On Tue, Jun 16, 2020 at 12:46:30AM +0200, Miroslav Suchý wrote:
Can you give example?
I have a F30 system running the F29 mailgraph package, which was
retired. It was the last remaining blocker preventing that system from
being upgraded to F31. (The others were due to non-fedora-packaged
deprecated perl stuff..)
(I have since rebuilt the package for F31, and I will be using that
self-maintained package instead of having to come up with something to
replace mailgraph's functionality. Not to mention historical data..)
> What about software installed from 3rd-party repositories? What
> packages that were downloaded and installed directly from ISVs?
Should not be affected.
So why would software supplied by fedora be treated differently than
PlayOnLinux - this is a piece of SW I used to use. It caused an issue
during upgrade to F32 and it has been added to
fedora-obsolete-packages. Yet, when DNF told me it has to be removed,
I reacted "WTF, I am using it". I looked up the information and then I
made an informed decision.
So did you make the informed decision to not upgrade, or to remove it
(playonlinux was one of the many casualties of the python2 retirement
debacle. Not Fedora's fault..)
libgltf - This is actually a random package with *fc29* on my
workstation. Hmm, one moment - yeah, dead package. I do not even know
what it does, why it happened to be on my computer. Hmmm, yes -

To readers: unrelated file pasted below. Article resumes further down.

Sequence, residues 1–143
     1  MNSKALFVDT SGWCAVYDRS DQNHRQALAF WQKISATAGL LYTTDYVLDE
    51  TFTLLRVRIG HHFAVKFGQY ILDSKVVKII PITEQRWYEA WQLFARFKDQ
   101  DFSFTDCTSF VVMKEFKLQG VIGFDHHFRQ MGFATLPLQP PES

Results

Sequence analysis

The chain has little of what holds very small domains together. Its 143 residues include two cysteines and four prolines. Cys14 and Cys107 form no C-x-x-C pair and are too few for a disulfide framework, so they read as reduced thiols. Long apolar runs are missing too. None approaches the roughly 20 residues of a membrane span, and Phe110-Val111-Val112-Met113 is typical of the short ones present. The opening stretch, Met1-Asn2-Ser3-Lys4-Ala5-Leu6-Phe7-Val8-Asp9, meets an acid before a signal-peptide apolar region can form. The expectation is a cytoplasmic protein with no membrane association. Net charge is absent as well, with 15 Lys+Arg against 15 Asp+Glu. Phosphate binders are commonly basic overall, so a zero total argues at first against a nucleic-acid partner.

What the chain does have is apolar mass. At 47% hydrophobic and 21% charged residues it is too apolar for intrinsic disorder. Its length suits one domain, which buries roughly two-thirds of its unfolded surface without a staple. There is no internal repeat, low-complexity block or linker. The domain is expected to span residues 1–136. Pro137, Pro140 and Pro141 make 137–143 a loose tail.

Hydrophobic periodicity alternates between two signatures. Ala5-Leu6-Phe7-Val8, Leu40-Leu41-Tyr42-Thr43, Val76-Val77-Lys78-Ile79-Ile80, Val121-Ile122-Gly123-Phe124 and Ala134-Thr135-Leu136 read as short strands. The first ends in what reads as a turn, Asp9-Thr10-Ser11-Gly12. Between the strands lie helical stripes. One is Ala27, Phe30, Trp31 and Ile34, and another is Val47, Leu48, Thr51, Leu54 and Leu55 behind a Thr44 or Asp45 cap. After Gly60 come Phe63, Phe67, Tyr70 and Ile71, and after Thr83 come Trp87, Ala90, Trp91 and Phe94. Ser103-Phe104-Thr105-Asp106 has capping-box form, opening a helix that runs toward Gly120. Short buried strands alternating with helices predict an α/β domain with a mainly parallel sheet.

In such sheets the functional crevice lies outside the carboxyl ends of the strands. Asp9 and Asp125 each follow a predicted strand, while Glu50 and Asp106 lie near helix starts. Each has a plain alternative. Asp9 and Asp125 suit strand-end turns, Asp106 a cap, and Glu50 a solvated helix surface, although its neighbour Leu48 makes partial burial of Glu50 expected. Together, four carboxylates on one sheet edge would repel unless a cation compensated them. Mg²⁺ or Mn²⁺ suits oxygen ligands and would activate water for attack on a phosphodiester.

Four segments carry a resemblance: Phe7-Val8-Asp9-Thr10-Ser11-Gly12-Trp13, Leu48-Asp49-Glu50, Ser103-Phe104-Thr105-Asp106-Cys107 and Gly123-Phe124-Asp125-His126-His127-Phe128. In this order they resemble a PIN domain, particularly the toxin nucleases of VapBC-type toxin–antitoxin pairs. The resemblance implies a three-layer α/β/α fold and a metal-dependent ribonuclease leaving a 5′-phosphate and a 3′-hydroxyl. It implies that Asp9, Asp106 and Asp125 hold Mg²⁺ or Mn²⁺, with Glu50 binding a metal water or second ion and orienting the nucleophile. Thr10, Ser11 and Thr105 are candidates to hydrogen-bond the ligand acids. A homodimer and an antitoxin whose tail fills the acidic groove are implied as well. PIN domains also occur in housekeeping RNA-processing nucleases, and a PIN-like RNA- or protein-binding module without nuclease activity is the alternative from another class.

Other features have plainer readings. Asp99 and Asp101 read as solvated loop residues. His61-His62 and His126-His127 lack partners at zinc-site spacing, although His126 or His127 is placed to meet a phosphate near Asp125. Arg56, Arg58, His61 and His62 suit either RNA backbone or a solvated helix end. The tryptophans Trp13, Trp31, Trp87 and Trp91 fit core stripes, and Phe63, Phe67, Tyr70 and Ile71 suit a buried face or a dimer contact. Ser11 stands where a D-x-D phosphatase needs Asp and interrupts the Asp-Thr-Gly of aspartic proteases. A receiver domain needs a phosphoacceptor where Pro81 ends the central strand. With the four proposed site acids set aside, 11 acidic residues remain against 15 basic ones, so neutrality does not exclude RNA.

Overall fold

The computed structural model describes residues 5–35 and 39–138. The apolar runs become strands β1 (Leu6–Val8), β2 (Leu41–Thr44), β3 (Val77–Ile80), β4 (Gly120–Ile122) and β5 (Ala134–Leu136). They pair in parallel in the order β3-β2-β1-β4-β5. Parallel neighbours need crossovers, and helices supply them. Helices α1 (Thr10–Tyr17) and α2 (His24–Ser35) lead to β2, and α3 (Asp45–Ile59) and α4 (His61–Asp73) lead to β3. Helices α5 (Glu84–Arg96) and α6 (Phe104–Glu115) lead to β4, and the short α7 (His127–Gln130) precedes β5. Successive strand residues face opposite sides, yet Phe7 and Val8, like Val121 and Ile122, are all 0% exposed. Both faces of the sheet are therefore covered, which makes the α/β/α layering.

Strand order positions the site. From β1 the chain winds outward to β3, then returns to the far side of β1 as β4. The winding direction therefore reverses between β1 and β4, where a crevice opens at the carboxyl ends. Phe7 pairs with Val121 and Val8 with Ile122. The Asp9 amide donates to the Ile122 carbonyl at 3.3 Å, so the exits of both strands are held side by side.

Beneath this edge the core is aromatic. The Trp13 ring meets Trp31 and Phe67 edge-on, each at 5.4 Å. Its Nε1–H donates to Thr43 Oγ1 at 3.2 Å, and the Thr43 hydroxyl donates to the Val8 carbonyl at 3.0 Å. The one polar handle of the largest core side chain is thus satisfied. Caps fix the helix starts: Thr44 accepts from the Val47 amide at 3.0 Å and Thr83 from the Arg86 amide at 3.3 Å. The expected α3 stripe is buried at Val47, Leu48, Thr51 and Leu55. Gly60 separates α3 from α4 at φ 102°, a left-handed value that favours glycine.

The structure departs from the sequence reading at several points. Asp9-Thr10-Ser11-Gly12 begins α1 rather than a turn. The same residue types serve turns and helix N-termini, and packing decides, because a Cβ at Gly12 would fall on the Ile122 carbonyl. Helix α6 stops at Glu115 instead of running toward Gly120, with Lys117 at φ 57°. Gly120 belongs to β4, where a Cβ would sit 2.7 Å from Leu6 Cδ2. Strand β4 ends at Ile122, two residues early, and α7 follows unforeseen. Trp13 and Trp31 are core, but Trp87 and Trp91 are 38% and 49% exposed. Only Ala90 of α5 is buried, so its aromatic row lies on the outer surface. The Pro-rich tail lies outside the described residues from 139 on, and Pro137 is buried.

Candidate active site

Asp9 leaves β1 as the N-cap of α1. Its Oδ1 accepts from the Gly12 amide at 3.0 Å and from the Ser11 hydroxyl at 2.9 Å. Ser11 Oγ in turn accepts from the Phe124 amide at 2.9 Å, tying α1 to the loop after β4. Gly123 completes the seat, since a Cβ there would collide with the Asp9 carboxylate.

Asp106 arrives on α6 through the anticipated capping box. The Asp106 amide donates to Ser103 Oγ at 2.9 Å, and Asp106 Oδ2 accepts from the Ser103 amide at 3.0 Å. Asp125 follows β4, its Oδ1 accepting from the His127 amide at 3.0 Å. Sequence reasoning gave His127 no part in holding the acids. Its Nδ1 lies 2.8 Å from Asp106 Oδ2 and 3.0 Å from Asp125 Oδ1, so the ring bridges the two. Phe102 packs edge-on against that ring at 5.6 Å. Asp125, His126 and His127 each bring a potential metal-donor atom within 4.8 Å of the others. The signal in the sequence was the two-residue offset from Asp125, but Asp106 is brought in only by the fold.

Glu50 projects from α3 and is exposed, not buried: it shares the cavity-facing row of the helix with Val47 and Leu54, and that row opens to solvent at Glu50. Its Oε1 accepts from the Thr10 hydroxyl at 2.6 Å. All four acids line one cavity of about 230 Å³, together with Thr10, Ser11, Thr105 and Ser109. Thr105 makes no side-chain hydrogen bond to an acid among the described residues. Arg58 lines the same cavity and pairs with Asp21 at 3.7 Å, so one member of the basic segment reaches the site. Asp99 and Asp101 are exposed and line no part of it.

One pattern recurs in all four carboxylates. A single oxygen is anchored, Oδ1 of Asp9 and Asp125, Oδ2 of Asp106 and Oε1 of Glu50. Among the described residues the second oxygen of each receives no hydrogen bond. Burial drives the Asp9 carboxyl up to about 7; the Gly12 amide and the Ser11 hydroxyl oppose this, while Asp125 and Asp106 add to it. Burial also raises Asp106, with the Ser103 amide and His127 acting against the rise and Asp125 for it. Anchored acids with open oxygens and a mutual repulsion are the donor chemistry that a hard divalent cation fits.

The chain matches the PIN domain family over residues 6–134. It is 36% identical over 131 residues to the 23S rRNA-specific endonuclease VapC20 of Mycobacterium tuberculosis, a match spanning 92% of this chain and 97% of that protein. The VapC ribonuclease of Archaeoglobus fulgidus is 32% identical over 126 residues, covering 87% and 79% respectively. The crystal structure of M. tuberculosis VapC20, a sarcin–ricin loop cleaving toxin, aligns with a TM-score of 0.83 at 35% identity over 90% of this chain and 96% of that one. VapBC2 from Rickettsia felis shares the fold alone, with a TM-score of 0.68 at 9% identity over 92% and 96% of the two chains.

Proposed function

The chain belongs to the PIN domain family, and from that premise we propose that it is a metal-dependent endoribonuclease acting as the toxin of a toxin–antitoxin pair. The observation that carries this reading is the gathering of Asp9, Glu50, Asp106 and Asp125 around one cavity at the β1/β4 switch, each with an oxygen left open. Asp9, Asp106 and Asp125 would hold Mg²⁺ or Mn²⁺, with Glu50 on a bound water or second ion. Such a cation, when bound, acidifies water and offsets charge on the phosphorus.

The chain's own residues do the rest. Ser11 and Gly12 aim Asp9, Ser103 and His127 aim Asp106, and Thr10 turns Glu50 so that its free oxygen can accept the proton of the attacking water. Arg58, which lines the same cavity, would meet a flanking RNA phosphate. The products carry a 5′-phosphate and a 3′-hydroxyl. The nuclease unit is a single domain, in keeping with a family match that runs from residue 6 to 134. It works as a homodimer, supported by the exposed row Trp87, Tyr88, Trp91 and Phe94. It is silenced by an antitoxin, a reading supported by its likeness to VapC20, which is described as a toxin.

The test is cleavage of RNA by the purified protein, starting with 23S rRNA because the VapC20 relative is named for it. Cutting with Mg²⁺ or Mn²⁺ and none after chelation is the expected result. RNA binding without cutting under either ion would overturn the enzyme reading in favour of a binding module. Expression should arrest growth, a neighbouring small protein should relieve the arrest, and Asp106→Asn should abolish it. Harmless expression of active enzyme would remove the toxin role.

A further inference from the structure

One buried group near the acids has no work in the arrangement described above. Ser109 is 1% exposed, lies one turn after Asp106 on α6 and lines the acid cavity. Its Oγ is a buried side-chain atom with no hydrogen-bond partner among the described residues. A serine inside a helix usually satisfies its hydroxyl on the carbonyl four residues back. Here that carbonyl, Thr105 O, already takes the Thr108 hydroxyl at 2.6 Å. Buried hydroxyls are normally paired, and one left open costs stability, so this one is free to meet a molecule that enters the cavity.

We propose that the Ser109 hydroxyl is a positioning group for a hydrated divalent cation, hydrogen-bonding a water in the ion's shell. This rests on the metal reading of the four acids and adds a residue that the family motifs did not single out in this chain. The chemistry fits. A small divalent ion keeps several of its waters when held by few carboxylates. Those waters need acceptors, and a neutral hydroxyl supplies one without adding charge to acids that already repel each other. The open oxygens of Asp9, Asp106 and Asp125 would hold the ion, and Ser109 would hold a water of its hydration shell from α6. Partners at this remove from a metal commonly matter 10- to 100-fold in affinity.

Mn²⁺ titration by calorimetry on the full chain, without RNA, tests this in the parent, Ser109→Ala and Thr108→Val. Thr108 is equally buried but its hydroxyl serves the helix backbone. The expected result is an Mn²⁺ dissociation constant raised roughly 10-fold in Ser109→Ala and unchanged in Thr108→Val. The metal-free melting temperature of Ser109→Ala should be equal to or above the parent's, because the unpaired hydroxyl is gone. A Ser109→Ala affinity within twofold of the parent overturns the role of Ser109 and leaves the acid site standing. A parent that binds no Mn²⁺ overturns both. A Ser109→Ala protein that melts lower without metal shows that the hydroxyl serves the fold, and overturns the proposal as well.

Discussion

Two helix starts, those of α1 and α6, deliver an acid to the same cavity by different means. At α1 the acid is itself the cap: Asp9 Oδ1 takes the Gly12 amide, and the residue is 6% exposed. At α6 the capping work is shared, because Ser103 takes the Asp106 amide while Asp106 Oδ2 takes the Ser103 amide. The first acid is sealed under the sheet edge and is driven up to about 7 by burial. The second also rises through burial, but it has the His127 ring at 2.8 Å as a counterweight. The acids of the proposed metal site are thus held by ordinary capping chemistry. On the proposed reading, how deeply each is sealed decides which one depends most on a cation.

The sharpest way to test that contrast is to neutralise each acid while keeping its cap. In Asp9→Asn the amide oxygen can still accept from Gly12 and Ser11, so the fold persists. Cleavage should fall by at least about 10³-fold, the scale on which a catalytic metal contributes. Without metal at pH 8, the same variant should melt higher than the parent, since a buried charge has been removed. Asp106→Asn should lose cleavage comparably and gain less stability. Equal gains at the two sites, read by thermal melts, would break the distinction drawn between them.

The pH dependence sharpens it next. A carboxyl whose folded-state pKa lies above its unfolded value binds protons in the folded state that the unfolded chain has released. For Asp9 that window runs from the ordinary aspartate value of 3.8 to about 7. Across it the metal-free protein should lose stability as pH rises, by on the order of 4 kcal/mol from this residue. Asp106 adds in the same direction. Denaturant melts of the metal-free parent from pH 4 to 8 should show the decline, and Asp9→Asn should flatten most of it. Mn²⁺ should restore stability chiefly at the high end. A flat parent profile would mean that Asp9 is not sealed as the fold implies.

nothing requires it. It can be safely removed. And it is gone. Is it
Yup; you made that decision -- because DNF couldn't have known if you
needed it or not -- this is especially true for a leaf library. What if
you had some software you'd compiled from source that relied on that
By all means, let's obsolete stuff that has proper replacements (eg
library or package renames) but auto-removing software simply because
fedora no longer packages it is not user-friendly and leads to
And yes, I know the 'dnf system-upgrade download' output will list stuff
it's removing, but it's all too easy to miss something in that 3000-odd
line dump. I consider an explicit error to be far more informative,
although I suppose splitting apart those "retired packages causing
conflicts" packages into a separate list on the system-upgrade output
would IMO be a much better approach.
(Did I miss when Fedora changed their policies to auto-remove
applications or libraries simply because they're no longer packaged?
The python2->3 debacle notwithstanding...)
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